the output of the AEAD encryption operation.

The encryption process can be illustrated as follows. Here
P, A, and C denote the AEAD plaintext, associated data, and
ciphertext, respectively.
S = ENC(ENC_KEY, P)
T = MAC(MAC_KEY, N || A || S || len(N) || len(A))
C = S || T

Here ENC(X,P) denotes the encryption of P using the cipher
with the key X; recall that the IV is included in its
output. The expression MAC(Y,M) denotes the application of
the MAC to the message M, using the key Y. The
concatenation of two octet strings A and B is denoted as A
|| B, and len(X) denotes the number of bits in the string X,
expressed as an unsigned integer in network byte order.
The authenticated decryption operation has four inputs: K, N,
and A, as defined above, and the Ciphertext C. It has only
a single output, either a plaintext value P or a special
symbol FAIL that indicates that the inputs are not
authentic. The authenticated decryption algorithm takes is
as follows, or uses an equivalent set of steps:
The secondary keys MAC_KEY and ENC_KEY are generated
from the input key K as follows. Each of these two
keys is an octet string.
MAC_KEY consists of the first MAC_KEY_LEN octets of
K, in order.
ENC_KEY consists of the last ENC_KEY_LEN octets of
K, in order.

As above, we denote the number of octets in the
MAC_KEY as MAC_KEY_LEN, and the number of bits in ENC_KEY
as ENC_KEY_LEN.
The final T_LEN octets are stripped from C. Here T_LEN
denotes the number of octets in the MAC, which is a
fixed parameter of the AEAD algorithm. We denote
the initial octets of C as S, and denote the final
T_LEN octets as T.
The integrity and authenticity of N, A, and C are
checked by computing MAC validation algorithm, using the
same inputs as in Step 5 of the encryption operation.
In the MAC-validation step, the message consists of N,
A, the number of bits in N expressed as a 64-bit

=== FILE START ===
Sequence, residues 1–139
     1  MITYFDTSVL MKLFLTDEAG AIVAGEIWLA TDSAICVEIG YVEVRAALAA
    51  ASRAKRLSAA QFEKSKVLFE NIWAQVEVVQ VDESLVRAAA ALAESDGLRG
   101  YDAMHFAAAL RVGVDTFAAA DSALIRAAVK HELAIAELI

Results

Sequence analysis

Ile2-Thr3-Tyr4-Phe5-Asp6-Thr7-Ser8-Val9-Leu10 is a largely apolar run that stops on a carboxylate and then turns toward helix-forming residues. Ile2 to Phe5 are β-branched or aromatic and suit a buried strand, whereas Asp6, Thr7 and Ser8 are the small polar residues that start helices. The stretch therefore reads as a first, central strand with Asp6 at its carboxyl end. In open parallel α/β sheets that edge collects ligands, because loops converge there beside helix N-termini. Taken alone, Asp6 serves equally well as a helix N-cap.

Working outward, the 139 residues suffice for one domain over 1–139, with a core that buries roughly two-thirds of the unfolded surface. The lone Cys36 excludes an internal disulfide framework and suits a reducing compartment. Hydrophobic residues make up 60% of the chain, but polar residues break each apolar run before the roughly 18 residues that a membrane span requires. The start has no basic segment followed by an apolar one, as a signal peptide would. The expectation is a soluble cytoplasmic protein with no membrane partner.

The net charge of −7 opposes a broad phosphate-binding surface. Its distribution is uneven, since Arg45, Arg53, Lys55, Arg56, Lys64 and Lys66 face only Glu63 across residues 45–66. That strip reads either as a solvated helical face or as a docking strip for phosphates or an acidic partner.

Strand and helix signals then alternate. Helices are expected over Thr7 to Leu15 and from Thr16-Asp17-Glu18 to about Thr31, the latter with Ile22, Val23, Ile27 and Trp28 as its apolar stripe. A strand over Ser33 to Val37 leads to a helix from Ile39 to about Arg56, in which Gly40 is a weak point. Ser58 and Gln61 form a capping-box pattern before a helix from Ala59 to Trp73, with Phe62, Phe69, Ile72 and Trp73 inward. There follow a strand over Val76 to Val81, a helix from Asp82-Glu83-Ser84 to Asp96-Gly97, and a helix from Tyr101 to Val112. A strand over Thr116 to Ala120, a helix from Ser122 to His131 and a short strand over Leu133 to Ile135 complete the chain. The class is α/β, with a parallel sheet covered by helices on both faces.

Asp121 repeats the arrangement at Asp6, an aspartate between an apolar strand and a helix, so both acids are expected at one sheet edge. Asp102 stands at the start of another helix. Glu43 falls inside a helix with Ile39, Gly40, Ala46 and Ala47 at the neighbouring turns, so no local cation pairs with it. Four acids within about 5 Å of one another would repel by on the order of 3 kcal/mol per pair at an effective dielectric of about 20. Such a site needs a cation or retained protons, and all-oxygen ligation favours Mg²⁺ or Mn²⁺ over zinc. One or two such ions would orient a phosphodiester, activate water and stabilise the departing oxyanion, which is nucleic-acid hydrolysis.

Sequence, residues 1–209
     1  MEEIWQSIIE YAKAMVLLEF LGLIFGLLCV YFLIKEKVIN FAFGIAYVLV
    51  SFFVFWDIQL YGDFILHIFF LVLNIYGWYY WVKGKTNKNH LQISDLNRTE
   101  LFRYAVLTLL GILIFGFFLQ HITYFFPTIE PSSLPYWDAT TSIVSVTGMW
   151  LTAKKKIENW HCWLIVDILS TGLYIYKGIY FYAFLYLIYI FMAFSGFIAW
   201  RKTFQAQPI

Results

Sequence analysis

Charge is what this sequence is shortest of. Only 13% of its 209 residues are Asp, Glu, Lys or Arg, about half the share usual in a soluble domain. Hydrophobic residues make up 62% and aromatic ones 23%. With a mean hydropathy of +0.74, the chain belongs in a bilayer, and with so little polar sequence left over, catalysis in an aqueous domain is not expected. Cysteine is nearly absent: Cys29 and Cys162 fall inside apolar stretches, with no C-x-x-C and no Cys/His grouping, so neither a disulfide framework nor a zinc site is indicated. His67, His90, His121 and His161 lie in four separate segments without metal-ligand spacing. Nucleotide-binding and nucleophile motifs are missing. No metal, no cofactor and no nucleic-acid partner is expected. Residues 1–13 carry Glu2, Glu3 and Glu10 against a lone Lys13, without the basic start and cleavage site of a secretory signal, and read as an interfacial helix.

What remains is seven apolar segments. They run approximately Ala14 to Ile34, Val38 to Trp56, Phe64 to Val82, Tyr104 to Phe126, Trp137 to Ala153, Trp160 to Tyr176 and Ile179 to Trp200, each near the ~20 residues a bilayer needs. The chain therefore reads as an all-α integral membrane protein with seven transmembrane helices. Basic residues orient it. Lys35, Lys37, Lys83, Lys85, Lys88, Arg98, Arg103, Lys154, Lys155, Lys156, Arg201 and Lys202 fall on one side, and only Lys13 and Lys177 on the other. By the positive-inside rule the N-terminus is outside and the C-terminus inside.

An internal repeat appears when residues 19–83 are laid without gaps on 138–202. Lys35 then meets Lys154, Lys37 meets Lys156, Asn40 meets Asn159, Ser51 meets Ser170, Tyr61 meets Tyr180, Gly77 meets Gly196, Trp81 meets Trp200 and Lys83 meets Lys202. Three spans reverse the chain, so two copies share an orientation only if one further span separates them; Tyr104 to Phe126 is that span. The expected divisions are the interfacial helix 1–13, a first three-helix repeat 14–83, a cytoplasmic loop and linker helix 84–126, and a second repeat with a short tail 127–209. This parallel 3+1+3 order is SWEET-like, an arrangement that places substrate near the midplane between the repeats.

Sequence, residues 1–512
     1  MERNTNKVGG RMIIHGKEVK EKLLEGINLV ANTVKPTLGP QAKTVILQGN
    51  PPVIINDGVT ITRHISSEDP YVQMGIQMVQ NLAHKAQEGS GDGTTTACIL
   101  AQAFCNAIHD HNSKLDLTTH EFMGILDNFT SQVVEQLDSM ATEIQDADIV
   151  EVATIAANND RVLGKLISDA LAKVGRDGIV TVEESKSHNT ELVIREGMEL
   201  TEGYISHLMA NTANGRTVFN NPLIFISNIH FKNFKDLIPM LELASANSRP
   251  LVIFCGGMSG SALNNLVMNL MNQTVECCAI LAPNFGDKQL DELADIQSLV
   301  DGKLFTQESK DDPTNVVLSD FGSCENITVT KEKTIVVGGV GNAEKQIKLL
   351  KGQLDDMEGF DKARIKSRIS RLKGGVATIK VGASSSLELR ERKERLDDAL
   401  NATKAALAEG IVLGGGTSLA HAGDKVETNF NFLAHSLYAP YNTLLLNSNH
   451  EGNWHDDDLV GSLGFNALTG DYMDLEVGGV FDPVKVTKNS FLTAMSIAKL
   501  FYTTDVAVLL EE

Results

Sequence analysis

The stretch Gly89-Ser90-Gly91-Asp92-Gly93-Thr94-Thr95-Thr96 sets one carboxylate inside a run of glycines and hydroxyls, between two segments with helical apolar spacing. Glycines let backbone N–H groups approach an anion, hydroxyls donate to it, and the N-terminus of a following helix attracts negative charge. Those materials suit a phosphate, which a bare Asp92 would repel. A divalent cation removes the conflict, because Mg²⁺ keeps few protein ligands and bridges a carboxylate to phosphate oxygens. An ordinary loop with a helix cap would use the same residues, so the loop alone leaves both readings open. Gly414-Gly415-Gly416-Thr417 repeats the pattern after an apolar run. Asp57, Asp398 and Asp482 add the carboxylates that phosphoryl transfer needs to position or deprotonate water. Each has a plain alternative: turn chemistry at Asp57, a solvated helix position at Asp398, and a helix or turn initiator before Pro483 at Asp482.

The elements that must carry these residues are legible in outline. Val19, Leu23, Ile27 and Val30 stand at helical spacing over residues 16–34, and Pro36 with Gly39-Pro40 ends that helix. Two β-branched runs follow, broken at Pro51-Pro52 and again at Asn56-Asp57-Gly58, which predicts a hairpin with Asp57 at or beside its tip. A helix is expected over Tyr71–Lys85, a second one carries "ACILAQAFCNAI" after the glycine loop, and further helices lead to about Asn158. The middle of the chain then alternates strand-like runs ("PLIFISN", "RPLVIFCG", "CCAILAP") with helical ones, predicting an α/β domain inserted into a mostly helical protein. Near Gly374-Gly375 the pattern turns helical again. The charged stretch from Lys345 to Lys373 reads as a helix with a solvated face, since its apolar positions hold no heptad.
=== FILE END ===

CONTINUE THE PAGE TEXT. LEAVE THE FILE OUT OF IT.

unsigned integer in network byte order, the number of
bits in A expressed as a 64-bit unsigned integer in
network byte order, as S, in that order. The value
MAC_KEY is used as the key. The value T, from the
previous step, is used as the correct MAC value for
validation purposes. If the MAC-validation operation
indicates that the MAC T is valid, then the processing
is continued. Otherwise, all of the data used in the MAC
validation are discard, and the AEAD decryption
operation returns an indication that it failed, and the
operation halts.
The value S is decrypted, using the first 128 bits of
the ciphertext as the IV. The value ENC_KEY is used
as the decryption key.
The plaintext value is returned..

The length of the ciphertext can be inferred from that of the
plaintext. The number L of octets in the ciphertext is given by
L = 16 * ( floor(M / 16) + 2)

where M denotes the number of octets in the
plaintext, and the function floor() rounds its argument down
to the nearest integer. This fact is useful to applications
that need to reserve space for a ciphertext within a message
or data structure.
This algorithm is randomized and stateless. It is based on
the "generic composition" of CBC encryption with HMAC
authentication, with the the encrypt-then-MAC method defined
in Section 4.3 of . It uses the HMAC
message authentication code
with the SHA-1 hash function to
provide message authentication. Test cases for HMAC_SHA1 are
provided in . For encryption, it
uses AES in the cipher block chaining (CBC) mode of operation
as defined in Section 6.2 of ,
with the padding method defined by Appendix A of the same
reference.
The input key K is 36 octets long.
The AES CBC IV is 16 octets long. ENC_KEY_LEN is 16
octets.
Prior to CBC encryption, the plaintext is padded by
appending a single '1' bit to that data and then appending
to the resulting string as few '0' bits as are necessary
to make the number of bits in the plaintext into a